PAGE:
If you can marginalize a language such as Sanskrit (or Pali) once and for all, and cut off all funding and resources to study it, then eventually in a few more generations nobody would be able to read Kalidasa, Mahabharata, the economic theories and praxis of Kautilya the Great, or know indepth about the mathematical and astronomical and ayurveda geniuses of India whose thousands of years of literary and scientific and artistic and engineering works were all scribed in Sanskrit (and of course, many were unwritten, oral history, or became already extinct).
I am not proficient with the Arabic languages, but I know a little bit of history of Farsi in India: I know a lot of such major works were done in that language that came to India with the Muslim rulers and stayed in the country for hundreds of years. I am sure, destroying Arabic would bring about the same results: it would eliminate that history from the new and young minds.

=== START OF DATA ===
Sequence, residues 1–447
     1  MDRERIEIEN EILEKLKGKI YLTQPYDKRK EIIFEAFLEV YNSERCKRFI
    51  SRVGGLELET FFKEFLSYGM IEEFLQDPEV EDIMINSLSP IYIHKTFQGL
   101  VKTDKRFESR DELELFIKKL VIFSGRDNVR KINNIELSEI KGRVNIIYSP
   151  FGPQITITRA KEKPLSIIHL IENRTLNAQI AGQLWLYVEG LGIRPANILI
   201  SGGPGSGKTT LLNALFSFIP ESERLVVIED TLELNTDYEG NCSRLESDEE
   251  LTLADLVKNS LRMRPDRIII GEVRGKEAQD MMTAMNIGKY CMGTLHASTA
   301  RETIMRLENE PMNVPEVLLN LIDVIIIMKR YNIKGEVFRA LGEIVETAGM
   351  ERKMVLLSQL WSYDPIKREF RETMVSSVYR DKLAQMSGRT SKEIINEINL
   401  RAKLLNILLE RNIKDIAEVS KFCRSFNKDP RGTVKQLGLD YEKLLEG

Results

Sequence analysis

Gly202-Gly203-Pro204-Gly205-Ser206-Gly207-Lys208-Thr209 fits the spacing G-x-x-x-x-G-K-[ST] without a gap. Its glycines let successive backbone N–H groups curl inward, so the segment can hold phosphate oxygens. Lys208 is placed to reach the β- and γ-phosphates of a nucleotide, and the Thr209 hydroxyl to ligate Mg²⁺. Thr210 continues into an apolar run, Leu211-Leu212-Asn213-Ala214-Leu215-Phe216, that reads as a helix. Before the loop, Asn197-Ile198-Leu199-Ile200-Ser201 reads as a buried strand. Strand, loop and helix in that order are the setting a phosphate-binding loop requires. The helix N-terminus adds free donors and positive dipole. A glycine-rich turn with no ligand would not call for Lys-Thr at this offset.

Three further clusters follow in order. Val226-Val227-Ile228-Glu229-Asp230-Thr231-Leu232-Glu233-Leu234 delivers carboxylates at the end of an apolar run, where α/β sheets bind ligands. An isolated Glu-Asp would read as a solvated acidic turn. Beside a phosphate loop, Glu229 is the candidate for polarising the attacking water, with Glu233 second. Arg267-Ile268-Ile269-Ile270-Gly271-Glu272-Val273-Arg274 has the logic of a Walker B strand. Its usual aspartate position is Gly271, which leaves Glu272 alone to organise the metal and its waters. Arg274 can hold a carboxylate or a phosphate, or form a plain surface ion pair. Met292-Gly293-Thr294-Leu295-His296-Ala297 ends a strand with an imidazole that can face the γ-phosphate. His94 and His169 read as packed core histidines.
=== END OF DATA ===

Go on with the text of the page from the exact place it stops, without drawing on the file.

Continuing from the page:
It is not beyond comprehension that the Western colonial and neocolonial powers would want to eliminate ancient history and its vehicle languages and lifestyles, even though the double standards of Western scholars and universities, when it comes to preaching and practicing, are appalling. But it is truly beyond comprehension that even Indians now favor a forced extinction of a treasured language such as Sanskrit — in the name of modernization of their education system. (Modernization of the Indian education system? It’s an oxymoron in itself: I can write volumes on the frog-in-well education bosses and their stone-age curricula.)
Even the tyrannical British colonial powers could not destroy Sanskrit in their two hundred years of occupation of India. Now, it’s going to be done — by Indians.
Surprised? Shocked? Why?
You don’t want to be loved?
Sincerely Writing,
Brooklyn, New York
Magnificent Kailasha Temple at Ellora, India

Magnificent Kailasa Temple at Ellora, India